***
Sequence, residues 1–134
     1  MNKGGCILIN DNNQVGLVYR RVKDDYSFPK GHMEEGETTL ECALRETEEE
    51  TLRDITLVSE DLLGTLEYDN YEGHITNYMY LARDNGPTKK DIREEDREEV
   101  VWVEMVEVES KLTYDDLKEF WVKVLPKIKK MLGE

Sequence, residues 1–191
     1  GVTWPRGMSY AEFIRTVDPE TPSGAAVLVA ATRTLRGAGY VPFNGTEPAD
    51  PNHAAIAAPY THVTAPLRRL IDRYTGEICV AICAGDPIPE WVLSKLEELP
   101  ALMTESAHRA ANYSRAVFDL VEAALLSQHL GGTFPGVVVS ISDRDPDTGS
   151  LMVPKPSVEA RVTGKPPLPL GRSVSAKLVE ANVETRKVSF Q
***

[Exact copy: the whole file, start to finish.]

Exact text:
Sequence, residues 1–134
     1  MNKGGCILIN DNNQVGLVYR RVKDDYSFPK GHMEEGETTL ECALRETEEE
    51  TLRDITLVSE DLLGTLEYDN YEGHITNYMY LARDNGPTKK DIREEDREEV
   101  VWVEMVEVES KLTYDDLKEF WVKVLPKIKK MLGE

Sequence, residues 1–191
     1  GVTWPRGMSY AEFIRTVDPE TPSGAAVLVA ATRTLRGAGY VPFNGTEPAD
    51  PNHAAIAAPY THVTAPLRRL IDRYTGEICV AICAGDPIPE WVLSKLEELP
   101  ALMTESAHRA ANYSRAVFDL VEAALLSQHL GGTFPGVVVS ISDRDPDTGS
   151  LMVPKPSVEA RVTGKPPLPL GRSVSAKLVE ANVETRKVSF Q